Chuck Close is an American painter and photographer who achieved fame as a photorealist; paintings based on using cameras and photographs to gather visual information and then from this, creating a painting that appears to be photographic. Close was born on July 5, 1940, in Monroe, Washington. Since a young boy he had a desire for art, throughout his childhood he had quite a few rough times whether it was his parents becoming very ill or his own health taking a turn for the worst.
At the age of 11, Chuck spent most of that year in bed with nephritis, a nasty kidney infection. Through all of those hard times, Close deepened his love for painting and art in general. His inspiration struck at the age of 14 when he saw an exhibition of Jackson Pollack paintings. Pollack’s style and flair had a great impact on Close, and, as he later recounted, it made him determined to become an artist. Chuck eventually enrolled at the University of Washington, graduating in 1962; he then headed to Yale to study for a Master of Fine Arts from the university’s Art and Architecture School.
Close stayed heavy in the abstract world, radically changing his focus to what would become his signature style: photo-realism. Using a process he came to describe as “knitting,” Close created large-format Polaroid’s of models that he then recreated on large canvases. The reason why Chuck Close is such an inspirational artist for me is not only because of his life like paintings that are so appealing, but for what he all went through. In 1988, Close felt a strange pain in his chest, that day he was at a ceremony honoring local artists in New York City and was waiting to be called to the podium to present an award.
Later that evening he had suffered a seizure which left him paralyzed from the neck down, the cause was diagnosed as a spinal artery collapse. For months Close was in rehab strengthening his muscles with physical therapy; he soon had slight movement in his arms and could walk, yet only for a few steps. He has relied on a wheelchair and a device that steadies his hand ever since. Also one fact that I have never known about Close until I studied him a little bit further was he also suffers from Prosopagnosia, also known as face blindness, in which he is unable to recognize faces.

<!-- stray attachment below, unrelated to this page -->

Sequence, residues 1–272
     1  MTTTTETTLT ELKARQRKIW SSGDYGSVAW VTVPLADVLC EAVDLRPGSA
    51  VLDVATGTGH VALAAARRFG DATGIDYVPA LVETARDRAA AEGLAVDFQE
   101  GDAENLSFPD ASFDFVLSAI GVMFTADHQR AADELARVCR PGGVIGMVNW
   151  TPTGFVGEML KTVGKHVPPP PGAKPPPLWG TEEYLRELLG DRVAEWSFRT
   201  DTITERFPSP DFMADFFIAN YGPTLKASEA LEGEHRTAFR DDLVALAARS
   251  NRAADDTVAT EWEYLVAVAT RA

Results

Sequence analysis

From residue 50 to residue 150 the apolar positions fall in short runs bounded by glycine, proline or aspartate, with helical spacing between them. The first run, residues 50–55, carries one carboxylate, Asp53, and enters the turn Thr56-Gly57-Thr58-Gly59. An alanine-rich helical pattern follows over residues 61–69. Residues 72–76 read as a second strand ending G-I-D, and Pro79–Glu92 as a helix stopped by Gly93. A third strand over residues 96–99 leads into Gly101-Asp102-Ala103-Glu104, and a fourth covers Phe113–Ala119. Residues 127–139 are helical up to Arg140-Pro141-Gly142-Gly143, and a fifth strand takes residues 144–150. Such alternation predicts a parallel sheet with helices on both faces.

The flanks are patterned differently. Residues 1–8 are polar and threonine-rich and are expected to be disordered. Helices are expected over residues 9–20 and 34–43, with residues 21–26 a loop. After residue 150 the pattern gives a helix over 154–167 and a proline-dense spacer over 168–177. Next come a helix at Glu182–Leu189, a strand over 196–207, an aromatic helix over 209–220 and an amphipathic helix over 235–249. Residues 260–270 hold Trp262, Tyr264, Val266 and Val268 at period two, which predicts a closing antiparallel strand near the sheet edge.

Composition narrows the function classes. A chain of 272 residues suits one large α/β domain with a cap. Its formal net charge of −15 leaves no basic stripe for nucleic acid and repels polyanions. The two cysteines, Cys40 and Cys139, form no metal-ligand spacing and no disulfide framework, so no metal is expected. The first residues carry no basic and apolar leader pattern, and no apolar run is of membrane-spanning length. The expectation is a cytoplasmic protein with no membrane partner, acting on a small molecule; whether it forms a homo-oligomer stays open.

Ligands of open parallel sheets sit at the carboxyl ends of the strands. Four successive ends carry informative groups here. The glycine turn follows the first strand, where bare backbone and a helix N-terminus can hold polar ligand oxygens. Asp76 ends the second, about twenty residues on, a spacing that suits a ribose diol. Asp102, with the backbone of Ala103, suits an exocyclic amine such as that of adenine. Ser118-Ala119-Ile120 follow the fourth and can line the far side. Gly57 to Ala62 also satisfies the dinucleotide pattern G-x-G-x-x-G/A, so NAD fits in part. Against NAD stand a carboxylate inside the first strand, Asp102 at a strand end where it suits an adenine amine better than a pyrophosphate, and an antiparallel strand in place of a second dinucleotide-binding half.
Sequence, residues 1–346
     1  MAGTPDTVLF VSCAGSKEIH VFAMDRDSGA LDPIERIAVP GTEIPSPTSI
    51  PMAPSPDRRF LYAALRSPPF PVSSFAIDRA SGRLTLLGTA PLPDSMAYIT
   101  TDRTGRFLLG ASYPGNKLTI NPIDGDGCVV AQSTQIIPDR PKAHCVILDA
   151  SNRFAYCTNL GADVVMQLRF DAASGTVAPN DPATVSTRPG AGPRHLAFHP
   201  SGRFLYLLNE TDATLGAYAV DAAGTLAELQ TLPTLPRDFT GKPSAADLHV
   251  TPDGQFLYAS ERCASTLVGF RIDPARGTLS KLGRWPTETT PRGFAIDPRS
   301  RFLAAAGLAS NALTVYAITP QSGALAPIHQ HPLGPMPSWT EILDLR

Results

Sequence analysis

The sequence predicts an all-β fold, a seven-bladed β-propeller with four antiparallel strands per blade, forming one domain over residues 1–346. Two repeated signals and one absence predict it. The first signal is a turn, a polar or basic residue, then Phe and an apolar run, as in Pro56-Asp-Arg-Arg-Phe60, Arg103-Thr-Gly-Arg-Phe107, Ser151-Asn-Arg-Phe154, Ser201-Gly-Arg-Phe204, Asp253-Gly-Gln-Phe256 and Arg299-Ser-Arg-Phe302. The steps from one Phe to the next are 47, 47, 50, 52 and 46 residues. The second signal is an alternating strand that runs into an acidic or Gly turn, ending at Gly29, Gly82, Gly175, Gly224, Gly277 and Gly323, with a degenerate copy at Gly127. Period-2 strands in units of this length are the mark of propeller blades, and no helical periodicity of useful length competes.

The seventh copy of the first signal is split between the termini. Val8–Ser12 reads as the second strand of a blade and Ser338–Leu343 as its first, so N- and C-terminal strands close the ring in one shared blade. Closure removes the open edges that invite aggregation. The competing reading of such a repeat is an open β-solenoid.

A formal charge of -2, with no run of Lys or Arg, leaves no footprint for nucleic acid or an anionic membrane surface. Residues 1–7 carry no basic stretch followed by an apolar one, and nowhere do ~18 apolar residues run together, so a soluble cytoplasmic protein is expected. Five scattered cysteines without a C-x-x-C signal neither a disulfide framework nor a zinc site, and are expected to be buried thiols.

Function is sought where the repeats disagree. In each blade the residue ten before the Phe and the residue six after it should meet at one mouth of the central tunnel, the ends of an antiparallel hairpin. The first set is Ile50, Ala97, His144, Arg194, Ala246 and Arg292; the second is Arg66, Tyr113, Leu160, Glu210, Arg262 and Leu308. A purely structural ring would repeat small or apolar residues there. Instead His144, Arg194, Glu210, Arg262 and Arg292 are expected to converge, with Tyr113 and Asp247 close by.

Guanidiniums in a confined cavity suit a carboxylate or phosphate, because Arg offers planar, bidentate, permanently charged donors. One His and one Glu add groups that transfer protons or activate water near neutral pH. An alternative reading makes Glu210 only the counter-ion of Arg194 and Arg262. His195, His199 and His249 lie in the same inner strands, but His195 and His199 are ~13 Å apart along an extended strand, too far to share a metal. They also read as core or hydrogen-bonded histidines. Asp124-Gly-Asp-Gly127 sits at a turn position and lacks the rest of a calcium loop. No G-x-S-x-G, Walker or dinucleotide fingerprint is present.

By painting portraits, he is able to recognize and remember faces. Close has said, “I was not conscious of making a decision to paint portraits because I have difficulty recognizing faces. That occurred to me twenty years after the fact when I looked at why I was still painting portraits why that still had urgency for me. I began to realize that it has sustained me for so long because I have difficulty in recognizing faces. ” This man is more than just a painter, photographer, and printmaker; he is a builder who, in his words, builds “painting experiences for the viewer. Highly renowned as a painter, Close is also a master printmaker, who has, over the course of more than 30 years, pushed the boundaries of traditional printmaking in remarkable ways. Over the years, Close’s works have evolved from harsh black-and-white images to colorful and brightly patterned canvases of an almost abstract appeal. His most recent pictures synthesize Close’s long-standing interest in the spontaneous manner of the Abstract Expressionists, with his strict adherence to the self-imposed rules that have guided his art from the very beginning.